As a child I had a picture of heaven as a place of eternal peace. I’m sure this came from my father, who, though angry and embattled while he was on this earth with the rest of us, is living in such a place now. My child’s image of heaven was of old enemies meeting on a cloud, embracing and laughing off their old, earthbound enmity. Their old reasons for hating each other now delicious jokes to be shared and laughed about together in the ever-after.
I was reminded of this today, when I had a wake up call from Elaine at Healthfirst, the health insurance company that has done so much to impersonally fuck me over lately. Apparently my DFS complaint, which I had attempted to revoke by email on Tuesday, had been quickly assigned to an investigator who contacted Healthfirst. Good to know that process still works so quickly, anyway.
The last time Elaine and I spoke, things had not gone well. I had asked her pointedly several times if she was drunk. I eventually hung up on her after one too many incoherent, drunk-sounding answers from the Resolution Specialist. That was back on March 7, I think, the last, and ugliest, of several long conversations we had.
She began our conversation cautiously, as you might imagine. I immediately informed her that I’d contacted DFS to retract the complaint (I believed I had finally successfully done that last night on their website). I told her that this time Healthfirst was not to blame for the termination of my health insurance. I told her I wished Healthfirst had contacted me on March 11, when they were informed that they needed to terminate my insurance effective March 31. I could have prevented the cancellation of my health insurance if I’d had a heads up from them in time to stay insured.
She explained that the March 11 notice Healthfirst got contained the same claim my on-line, inbox-posted version had — that I’d received two notices to remedy my easily fixable error, one the day after I re-enrolled and the March 11 notice I was never notified of. Healthfirst was in the same boat as I was, it seemed. No other notice had been sent to anyone, I never got the March 11 notice in any form, until after my insurance was terminated and it was too late to do anything about it. Unlike Healthfirst, only I had had my health insurance interrupted for a month during a plague, but that wasn’t Healthfirst’s fault.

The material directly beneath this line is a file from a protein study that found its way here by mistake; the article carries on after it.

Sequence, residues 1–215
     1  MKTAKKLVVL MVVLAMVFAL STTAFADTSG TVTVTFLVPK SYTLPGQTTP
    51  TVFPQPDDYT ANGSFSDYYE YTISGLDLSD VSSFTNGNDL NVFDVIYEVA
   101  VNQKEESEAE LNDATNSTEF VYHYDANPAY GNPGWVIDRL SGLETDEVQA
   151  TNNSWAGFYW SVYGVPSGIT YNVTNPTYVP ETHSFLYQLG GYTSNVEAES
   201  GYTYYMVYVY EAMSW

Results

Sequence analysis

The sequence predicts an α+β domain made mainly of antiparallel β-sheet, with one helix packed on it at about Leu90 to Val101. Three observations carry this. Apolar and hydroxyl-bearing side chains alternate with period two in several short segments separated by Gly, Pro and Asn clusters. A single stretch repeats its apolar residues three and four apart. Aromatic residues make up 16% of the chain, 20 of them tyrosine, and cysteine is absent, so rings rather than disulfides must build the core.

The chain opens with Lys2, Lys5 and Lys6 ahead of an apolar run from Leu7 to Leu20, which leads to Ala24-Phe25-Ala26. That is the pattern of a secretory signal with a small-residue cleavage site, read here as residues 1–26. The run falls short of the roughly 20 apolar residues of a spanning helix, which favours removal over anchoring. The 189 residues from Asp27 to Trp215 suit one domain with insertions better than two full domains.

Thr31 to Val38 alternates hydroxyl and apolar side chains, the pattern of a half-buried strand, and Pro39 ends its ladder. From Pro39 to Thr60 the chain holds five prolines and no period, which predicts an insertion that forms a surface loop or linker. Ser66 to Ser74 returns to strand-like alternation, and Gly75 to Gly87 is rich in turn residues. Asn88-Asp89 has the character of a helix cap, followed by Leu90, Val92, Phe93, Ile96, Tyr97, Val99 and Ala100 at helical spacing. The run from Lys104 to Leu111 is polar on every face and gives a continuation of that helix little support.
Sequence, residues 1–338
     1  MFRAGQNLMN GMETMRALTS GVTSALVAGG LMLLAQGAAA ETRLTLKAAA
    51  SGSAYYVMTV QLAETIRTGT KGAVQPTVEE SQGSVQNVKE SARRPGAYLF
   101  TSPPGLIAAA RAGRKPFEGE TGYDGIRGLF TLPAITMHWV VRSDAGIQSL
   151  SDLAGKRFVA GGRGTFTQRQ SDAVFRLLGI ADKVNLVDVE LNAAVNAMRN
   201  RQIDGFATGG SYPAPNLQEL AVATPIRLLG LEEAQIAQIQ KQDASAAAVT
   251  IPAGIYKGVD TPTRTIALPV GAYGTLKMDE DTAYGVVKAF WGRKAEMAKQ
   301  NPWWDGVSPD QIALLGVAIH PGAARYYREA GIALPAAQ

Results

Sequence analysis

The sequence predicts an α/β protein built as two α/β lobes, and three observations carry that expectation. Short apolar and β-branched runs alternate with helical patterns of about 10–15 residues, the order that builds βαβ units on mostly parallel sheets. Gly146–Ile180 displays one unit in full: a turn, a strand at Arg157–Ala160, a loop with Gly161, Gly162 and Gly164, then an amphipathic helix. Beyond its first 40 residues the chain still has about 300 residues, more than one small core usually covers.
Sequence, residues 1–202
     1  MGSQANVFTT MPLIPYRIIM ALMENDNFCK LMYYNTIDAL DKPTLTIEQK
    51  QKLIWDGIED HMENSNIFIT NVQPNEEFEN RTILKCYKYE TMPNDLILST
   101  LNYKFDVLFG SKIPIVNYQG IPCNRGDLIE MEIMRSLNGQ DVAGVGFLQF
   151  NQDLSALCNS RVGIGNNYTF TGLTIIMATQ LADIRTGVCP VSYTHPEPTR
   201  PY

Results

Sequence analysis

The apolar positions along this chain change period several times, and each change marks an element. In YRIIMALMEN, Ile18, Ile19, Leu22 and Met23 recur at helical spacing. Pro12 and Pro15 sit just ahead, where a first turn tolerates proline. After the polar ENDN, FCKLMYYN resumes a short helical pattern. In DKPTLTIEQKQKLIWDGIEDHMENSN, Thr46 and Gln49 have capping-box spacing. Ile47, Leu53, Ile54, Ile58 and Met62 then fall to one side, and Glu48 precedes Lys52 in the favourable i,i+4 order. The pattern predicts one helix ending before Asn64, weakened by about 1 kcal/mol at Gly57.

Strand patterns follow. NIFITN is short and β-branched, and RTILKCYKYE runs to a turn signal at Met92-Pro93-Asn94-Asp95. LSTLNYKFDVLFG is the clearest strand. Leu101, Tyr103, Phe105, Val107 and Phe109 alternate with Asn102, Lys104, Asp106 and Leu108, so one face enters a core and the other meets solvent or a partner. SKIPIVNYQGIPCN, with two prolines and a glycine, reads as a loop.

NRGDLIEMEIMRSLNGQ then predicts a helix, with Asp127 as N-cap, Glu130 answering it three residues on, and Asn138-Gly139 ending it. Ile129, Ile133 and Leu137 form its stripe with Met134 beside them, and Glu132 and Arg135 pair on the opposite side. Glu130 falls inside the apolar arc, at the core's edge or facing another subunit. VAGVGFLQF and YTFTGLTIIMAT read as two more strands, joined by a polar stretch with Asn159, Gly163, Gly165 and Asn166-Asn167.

The odd thing is how gentle our conversation was. I had no animus toward poor Elaine, a native Russian speaker doing her best in a difficult language. Her promised written summaries had been the best she could do, subject to redactions from “regulatory”, I grasped that now. It was not her fault that NYS does not provide consumers with the laws that protect them from, for example, termination of health insurance without notice.
“Did you call the New York State of Health?” Elaine asked sympathetically. I explained to her that on a good day one cannot easily get through on the phone, during the pandemic wait times are much longer. The reps one eventually speaks to there are as limited in their knowledge and their power to help as the ones at Healthfirst, they cannot see the entire picture or explain difficult things that are difficult, or even impossible, to explain. She seemed to understand this. I told her I’d found and fixed the mistake easily on-line. If only I’d had notice to do it sooner!
Thinking about the surprisingly pleasant call afterwards (she’d been palpably relived to get no fight from me), and how we wished each other well, and spoke for the first time without defensiveness or anger on either side, two humans in very similar little boats, I was reminded of my childish view of heaven. From the minds of children…